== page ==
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Australian Business Leaders Urge GST Hike To Fund Tax Reform

by Mary Swire,, Hong Kong

06 April 2017

The Australian Institute of Company Directors (AICD) has called for comprehensive tax reform that delivers a more efficient, sustainable, fair, and growth-focused system.

AICD has published "Governance of the Nation: A Blueprint for Growth 2017," which includes reform recommendations across six key areas, one of which is fiscal sustainability.

AICD Chief Economist Stephen Walters said: "Our deficit is AUD36bn (USD27.2bn) and Commonwealth spending is currently set to remain at above 25 percent of GDP over the next four years. It is clear we have a spending and a revenue problem. It's time to tackle both, with cuts to industry assistance, middle-class welfare, and efficiency dividends on the one hand, and comprehensive tax reform on the other."

"We need to get our tax mix right, by taxing smarter, not higher."

According to the report, the Government should seek to reduce Australia's reliance on direct, inefficient taxes that limit growth, including inefficient state taxes. In particular, it argued that the Government should increase the goods and services tax (GST) rate from 10 percent to 15 percent and broaden the GST base, with a substantial compensation package for lower income earners.

ACID pointed out the GST base applies to less than 50 percent of household spending, compared with 97 percent in New Zealand. It said the GST should cover spending on fresh food, education, healthcare, childcare, and utilities.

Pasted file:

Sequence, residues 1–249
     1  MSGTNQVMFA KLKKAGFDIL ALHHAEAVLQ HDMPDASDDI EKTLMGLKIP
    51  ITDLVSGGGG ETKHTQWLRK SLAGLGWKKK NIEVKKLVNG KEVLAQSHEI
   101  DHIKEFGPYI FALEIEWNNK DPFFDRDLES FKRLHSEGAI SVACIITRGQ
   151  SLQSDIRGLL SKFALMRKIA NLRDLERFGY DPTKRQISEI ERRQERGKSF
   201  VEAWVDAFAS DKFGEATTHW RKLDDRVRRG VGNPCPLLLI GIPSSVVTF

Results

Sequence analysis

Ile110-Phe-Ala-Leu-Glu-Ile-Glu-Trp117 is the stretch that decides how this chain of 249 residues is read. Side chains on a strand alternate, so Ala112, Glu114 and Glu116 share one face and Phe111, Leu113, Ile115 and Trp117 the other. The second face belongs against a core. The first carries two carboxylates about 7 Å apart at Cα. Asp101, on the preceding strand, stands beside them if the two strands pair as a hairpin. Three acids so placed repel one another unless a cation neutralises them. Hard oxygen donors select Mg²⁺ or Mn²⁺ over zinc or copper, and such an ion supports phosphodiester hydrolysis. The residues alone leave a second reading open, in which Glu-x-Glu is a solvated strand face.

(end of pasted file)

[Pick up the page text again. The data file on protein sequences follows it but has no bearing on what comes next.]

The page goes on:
According to ACID, a higher GST rate and broader base would raise an estimated additional AUD273bn over four years. This would be partly offset by tax cuts elsewhere in the system, but would offer a more sustainable and efficient revenue base, ACID said.

ACID also argued that its proposal for GST reform would allow marginal income tax rates to be reduced by 6.5 percentage points. It added that removal of work-related deductions would allow the top personal tax rate to be reduced from the current 45 percent to 37 percent. It said the tax-free threshold should be cut from AUD18,200 to AUD15,00, while the Low Income Tax Offset should be increased from AUD445 to AUD1,200.

With regard to property taxes, ACID recommended that the Government should reform capital gains tax (CGT) concessions that favor high-income earners and review negative gearing.

TAGS: capital gains tax (CGT) | tax | property tax | goods and services tax (GST) | Australia | tax thresholds | food | education | tax rates | New Zealand | dividends | tax reform | trade association | trade | individual income tax | services | Tax

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